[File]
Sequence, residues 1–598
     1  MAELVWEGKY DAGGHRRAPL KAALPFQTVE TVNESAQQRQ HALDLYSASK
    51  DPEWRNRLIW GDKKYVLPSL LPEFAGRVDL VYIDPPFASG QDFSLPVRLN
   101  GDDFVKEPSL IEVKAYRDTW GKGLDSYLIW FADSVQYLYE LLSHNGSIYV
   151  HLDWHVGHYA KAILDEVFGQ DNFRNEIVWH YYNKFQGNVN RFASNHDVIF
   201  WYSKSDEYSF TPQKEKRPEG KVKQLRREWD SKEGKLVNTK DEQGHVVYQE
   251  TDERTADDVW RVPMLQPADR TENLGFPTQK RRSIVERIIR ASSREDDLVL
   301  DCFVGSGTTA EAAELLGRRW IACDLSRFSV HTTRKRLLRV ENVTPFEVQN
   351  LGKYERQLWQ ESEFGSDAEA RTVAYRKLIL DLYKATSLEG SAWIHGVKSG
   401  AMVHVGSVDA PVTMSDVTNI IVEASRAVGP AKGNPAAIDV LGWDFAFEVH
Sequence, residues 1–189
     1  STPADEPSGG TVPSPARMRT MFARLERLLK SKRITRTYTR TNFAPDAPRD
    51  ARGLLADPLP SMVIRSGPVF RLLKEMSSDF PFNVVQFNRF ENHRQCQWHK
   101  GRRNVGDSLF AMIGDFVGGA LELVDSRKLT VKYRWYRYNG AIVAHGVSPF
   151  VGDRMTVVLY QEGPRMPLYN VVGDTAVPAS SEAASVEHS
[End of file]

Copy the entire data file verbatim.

Sequence, residues 1–598
     1  MAELVWEGKY DAGGHRRAPL KAALPFQTVE TVNESAQQRQ HALDLYSASK
    51  DPEWRNRLIW GDKKYVLPSL LPEFAGRVDL VYIDPPFASG QDFSLPVRLN
   101  GDDFVKEPSL IEVKAYRDTW GKGLDSYLIW FADSVQYLYE LLSHNGSIYV
   151  HLDWHVGHYA KAILDEVFGQ DNFRNEIVWH YYNKFQGNVN RFASNHDVIF
   201  WYSKSDEYSF TPQKEKRPEG KVKQLRREWD SKEGKLVNTK DEQGHVVYQE
   251  TDERTADDVW RVPMLQPADR TENLGFPTQK RRSIVERIIR ASSREDDLVL
   301  DCFVGSGTTA EAAELLGRRW IACDLSRFSV HTTRKRLLRV ENVTPFEVQN
   351  LGKYERQLWQ ESEFGSDAEA RTVAYRKLIL DLYKATSLEG SAWIHGVKSG
   401  AMVHVGSVDA PVTMSDVTNI IVEASRAVGP AKGNPAAIDV LGWDFAFEVH
Sequence, residues 1–189
     1  STPADEPSGG TVPSPARMRT MFARLERLLK SKRITRTYTR TNFAPDAPRD
    51  ARGLLADPLP SMVIRSGPVF RLLKEMSSDF PFNVVQFNRF ENHRQCQWHK
   101  GRRNVGDSLF AMIGDFVGGA LELVDSRKLT VKYRWYRYNG AIVAHGVSPF
   151  VGDRMTVVLY QEGPRMPLYN VVGDTAVPAS SEAASVEHS